Public Relations Lessons from Robert Downey, Jr.
In case you find yourself in the middle of a scandal or managing not-so-great PR, look no further than Hollywood heroes for advice on how to walk tall even after falling into a pickle.
Robert Downey Jr. is the kid returning this year with a starring role in Iron Man. For the last 15 years or so, the only time you’ve heard his name was in connection with a drug bust or another failed stint in rehab. Bloggers joked that the only costume I’d expect Downey Jr. to wear was the orange jumpsuit from the county jail. We now see him dressed as the intense genius billionaire Tony Stark and enjoying redemption from him.
Downey Jr. has learned to refer to his difficult years with a heavy dose of wit and self-deprecating humor. I’m sure his 4 years of sobriety has helped him move to a place of acceptance on this subject.
OK, so what does this middle-aged Brat-Packer have to do with you?
Sometimes things happen in business that we can’t control. His company may be involved in a complicated legal dispute, he may have shot a reporter’s mouth off without first involving his brain, or he may have made a big mistake in some unforeseen way. And, God, don’t want to piss off a rabid blogger who goes to town by publicly discrediting him.
Any way you look at it, it’s not the most positive attention for your business. So what do you do next?
Damage control starts with you. Here are some tips in case you run into any public relations trouble and need to get your good name back.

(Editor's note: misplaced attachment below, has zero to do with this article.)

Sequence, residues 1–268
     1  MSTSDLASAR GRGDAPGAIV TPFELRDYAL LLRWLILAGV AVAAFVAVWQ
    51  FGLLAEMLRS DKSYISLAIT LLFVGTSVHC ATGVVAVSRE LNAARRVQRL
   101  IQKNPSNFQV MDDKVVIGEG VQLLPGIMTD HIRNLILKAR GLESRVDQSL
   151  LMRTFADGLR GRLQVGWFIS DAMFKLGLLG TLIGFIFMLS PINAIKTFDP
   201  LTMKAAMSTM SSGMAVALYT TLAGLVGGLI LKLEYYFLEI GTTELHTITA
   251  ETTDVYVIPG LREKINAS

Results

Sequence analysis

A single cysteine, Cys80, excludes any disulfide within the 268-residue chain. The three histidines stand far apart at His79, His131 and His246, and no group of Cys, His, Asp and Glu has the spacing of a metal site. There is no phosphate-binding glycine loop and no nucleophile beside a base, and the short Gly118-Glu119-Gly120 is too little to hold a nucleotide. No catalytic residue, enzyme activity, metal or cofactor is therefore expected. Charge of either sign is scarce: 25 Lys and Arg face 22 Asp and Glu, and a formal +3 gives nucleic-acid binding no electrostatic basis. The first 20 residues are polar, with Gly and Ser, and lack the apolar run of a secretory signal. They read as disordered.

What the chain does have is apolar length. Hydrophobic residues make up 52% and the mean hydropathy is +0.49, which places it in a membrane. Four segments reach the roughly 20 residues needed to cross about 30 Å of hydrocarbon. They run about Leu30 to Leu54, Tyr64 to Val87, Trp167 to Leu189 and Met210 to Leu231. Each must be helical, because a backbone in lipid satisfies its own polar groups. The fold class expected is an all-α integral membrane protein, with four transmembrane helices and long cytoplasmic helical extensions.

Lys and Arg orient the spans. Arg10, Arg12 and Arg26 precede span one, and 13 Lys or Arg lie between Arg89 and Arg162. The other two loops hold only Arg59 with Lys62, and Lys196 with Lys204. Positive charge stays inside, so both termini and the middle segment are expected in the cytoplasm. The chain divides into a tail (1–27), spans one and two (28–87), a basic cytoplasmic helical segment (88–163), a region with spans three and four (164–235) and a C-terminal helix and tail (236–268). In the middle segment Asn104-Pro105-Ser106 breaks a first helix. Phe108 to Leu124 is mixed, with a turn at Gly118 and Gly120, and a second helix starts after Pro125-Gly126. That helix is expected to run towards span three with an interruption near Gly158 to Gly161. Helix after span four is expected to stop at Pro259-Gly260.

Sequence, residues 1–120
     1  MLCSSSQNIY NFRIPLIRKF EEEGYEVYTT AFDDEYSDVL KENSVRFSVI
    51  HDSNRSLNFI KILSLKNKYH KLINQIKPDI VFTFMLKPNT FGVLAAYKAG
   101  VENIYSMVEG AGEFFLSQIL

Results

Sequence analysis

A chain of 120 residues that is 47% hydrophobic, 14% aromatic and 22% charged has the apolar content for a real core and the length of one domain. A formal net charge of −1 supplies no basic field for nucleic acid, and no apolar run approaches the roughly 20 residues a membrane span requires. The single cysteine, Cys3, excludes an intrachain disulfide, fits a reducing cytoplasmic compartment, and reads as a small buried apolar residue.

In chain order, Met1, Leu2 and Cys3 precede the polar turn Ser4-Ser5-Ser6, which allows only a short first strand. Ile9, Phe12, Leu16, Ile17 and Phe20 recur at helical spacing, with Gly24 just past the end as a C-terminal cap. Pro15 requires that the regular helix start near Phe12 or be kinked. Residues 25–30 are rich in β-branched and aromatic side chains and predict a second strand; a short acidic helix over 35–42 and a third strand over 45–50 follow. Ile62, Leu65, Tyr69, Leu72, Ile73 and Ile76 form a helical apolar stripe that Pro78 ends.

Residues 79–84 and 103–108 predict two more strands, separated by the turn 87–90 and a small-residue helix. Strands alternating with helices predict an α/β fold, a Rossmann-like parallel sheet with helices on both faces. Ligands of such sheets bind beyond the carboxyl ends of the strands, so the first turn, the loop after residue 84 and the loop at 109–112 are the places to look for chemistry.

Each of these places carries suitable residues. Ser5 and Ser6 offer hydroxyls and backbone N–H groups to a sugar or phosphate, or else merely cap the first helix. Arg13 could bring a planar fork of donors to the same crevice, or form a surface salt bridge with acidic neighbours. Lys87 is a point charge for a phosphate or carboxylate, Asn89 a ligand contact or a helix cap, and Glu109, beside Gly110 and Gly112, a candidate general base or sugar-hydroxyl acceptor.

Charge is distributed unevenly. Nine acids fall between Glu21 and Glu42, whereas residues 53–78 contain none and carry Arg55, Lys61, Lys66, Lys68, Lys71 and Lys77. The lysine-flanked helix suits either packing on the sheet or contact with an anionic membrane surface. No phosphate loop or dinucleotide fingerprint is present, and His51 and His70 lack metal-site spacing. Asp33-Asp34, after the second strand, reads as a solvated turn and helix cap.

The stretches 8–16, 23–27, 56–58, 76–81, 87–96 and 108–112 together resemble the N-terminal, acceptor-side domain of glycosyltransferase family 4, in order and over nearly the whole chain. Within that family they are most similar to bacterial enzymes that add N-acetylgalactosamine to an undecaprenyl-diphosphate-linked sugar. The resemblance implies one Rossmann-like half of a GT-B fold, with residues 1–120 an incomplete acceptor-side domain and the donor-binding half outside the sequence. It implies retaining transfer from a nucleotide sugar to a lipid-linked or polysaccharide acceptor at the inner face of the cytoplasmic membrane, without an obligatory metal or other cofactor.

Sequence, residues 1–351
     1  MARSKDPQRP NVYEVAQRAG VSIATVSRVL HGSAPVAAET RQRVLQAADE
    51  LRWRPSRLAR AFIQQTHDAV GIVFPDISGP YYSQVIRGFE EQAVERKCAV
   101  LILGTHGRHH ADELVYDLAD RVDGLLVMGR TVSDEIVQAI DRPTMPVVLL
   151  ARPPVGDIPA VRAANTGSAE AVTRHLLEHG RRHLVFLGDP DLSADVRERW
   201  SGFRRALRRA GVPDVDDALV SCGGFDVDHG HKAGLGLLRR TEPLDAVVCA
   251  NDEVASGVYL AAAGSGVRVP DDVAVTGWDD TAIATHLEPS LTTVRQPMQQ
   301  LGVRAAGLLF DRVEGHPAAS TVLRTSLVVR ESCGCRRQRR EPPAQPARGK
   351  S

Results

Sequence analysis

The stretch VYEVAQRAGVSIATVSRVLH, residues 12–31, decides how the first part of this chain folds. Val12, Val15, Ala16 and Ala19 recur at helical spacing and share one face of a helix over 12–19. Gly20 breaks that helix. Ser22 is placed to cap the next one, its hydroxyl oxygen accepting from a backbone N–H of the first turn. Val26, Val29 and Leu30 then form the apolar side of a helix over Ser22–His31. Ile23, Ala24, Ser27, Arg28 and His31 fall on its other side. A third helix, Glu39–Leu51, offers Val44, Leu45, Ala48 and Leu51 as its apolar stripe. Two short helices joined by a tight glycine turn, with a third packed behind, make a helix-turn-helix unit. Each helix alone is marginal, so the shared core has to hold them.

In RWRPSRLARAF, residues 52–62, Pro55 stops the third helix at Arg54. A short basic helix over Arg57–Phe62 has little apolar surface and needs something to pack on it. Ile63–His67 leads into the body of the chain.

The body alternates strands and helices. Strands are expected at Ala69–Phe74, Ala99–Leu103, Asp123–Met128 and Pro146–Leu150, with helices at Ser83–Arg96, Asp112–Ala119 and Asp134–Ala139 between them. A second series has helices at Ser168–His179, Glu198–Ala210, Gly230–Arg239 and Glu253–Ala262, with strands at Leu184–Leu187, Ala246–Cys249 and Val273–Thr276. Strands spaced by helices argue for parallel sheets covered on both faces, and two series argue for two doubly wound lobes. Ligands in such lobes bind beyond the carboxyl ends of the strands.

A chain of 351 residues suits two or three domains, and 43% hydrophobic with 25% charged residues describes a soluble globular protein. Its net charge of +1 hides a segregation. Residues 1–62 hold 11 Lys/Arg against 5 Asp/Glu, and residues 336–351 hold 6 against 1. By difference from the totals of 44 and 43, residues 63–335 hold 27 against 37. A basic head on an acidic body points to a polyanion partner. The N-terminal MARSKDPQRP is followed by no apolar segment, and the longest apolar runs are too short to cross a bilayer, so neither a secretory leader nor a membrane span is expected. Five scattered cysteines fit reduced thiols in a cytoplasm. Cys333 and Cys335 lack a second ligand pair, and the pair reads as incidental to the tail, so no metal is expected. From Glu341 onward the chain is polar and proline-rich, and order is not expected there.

1. Admit it.
Nobody wants to point fingers or accusations, that will make you look like a crybaby. Take the Harry Truman approach and let people know that the responsibility is yours. Your ego may have to take one for the team, but you’ll come out stronger in the long run. You want to acknowledge a problem and assure people that a fix is in the works, if it hasn’t already been enacted. Facebook’s Mark Zuckerberg incurred the ire of many last year with his inaction and ended up all over the blogosphere because of it. (http://scobleizer.com/2007/12/04/where-the-hell-is-mark-zuckerberg-and-facebook/)
2. Chin up.
Mary Poppins offers some great advice if you think about it. Chin up means you’re saying, “Okay, I’m in the middle of a bunch of crap, but I’m not going to let that get me down. I still have my dignity.” In this category, look at the spouses of high-profile people mired in scandal. Name any wife-in-law whose husband has been caught with his pants down (literally). Save your emotions for the therapist’s couch, but in public stay strong. You can always write a memoir that says it all after the dust settles and make a fortune.
3. Do something nice to make up for it.
On any scale, part of acknowledging wrongdoing must be expressed in action. Maybe you need to send someone a nice card with a sincere apology. Or maybe charity work is reserved to get your good name back. Do something publicly to rewrite your story. People will remember your most recent acts, so make sure you keep paying back with good deeds.
At some point, you will be able to look back and realize that you learned a great lesson through this. The ups and downs are what make leaders strong. Remember not to give up if something negative comes your way… deal with it with common sense and humility, then keep moving forward in leaps and bounds with your newfound wisdom.
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Nancy Marmolejo is a PR, media and social media strategist who teaches women entrepreneurs how to generate more money and attention by positioning yourself in the spotlight. An award-winning business owner, Nancy is frequently quoted in the areas of business, creativity, and social media. Get Nancy’s free 7-part audio course by visiting www.VivaVisibility.com